24 Nov Investigation Finds Medicare Patients Abusing and Dealing Prescriptions Drugs
A new national report is confirming the extent of the prescription drug abuse epidemic taking place in the U.S. after reviewing the government’s own health care program. As many as 170,000 Medicare recipients have been classified as prescription drug abusers or dealers, otherwise known as ‘doctor shoppers,’ based on the findings of the report.
Unlike other addictions that involve street drugs like cocaine or heroin which have no accepted medical use, the prescription drug abuse epidemic-specifically the Medicare fraud uncovered in the report-is being financed by the federal government via taxpayer dollars, as described by the report’s author, investigator Gregory Kutz.
The report, conducted by the U.S. Government Accountability Office (GAO) as an audit of Medicare’s Part D program, found that the 170,000 identified Medicare beneficiaries were receiving prescriptions from five or more doctors each, for any of the twelve most frequently abused controlled substances including oxycodone; amphetamine/dextroamphetamine (Adderall); benzodiazepines such as diazepam (Valium) and alprazolam (Xanax); acetaminophen with codeine; and the two most commonly abused uncontrolled prescription drugs, the non-narcotic painkiller tramadol (Ultram and Ultracet) and the muscle relaxer carisoprodol (Soma). The amount of doctor shopping that took place from May 2010 to October 2011 resulted in a cost of $148 million to the Medicare program.
Due to the rise in prescription drug abuse spreading across the nation-now the second leading cause of death from unintentional injuries, preceded only by motor vehicle fatalities-the GAO conducted a thorough investigation on prescription drug abuse and fraud taking place within the Medicare Part D program. Like many insurance companies and public programs, Medicare is inadvertently funding the illegal prescription drug activity and contributing to the nation’s leading addiction as doctor shoppers continue to be able to cheat the Medicare program.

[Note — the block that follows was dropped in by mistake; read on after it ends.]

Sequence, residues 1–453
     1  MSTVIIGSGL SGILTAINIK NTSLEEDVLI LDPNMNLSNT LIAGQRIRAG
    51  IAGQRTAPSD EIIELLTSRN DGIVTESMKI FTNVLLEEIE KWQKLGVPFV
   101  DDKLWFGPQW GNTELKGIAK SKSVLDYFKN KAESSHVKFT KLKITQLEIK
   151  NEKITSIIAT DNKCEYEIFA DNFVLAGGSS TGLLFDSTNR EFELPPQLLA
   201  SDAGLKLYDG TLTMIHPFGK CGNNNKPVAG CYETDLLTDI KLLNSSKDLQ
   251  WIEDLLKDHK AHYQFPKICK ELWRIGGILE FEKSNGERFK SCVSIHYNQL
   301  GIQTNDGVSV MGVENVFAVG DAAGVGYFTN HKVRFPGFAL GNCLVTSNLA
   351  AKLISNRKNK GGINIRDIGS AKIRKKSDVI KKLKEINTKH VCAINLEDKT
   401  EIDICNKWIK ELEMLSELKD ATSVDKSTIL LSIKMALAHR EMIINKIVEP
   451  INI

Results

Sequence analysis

In its investigation, the GAO sought to determine the extent of doctor shopping occurring within the Medicare program, highlight some prototypical cases of doctor shopping, and to use the information to help create a new method of monitoring and regulating the illegal activity within the government program.
Although they make up a small percentage of Medicare beneficiaries receiving prescriptions for any of the 14 classes of commonly abused drugs, the majority of the 170,000 Medicare beneficiaries identified as doctor shoppers were not on Medicare because of their age, but rather 71% had coverage for a disability and 72% were enrolled in the Medicare Low-Income Cost-Sharing subsidy. In one example, a beneficiary successfully obtained a 944-day supply of hydrocodone pills from 25 different prescribers. Another beneficiary successfully obtained 1,397 fentanyl pills and patches from 21 different doctors. A third beneficiary obtained 3,655 oxycodone pills from 58 different doctors, filling the prescriptions at 45 separate pharmacies. The report also uncovered 600 Medicare cases in which beneficiaries received prescriptions from as many as 87 different doctors in a one-year time frame, the majority of which were for oxycodone and hydrocodone. Not only are these beneficiaries able to shop around providers within the system to obtain as many prescriptions as possible, but their excessive activity can go virtually undetected, as beneficiaries with low incomes have the ability to switch their Medicare plans monthly, practically covering their tracks. Regular Medicare beneficiaries, on the other hand, are only able to change plans annually.
In the GAO’s analysis, the doctors providing the prescriptions to the doctor-shopping individuals were unaware that their patients were also receiving prescriptions from other physicians, and would not have prescribed the drugs had they known their patients had access to the same drug from other prescribers. Although the current Medicare system monitors unnecessary or inappropriate prescription drug activity performed by patients, no penalty exists for doctor shopping in the Medicare program, allowing beneficiaries to continue to seek out multiple prescriptions from several doctors without losing their enrollment.
As a solution, the GAO report recommends restricting known doctor shoppers in the Medicare program to just one doctor and one pharmacy, as well as circulating the name and information of the doctor shoppers to all insurance providers connected to Medicare’s Part D program. In the meantime, the report encourages the 3,400 various Medicare Part D plan providers to implement additional steps in detecting doctor shopping activity, and to report the incidents to the federal government.
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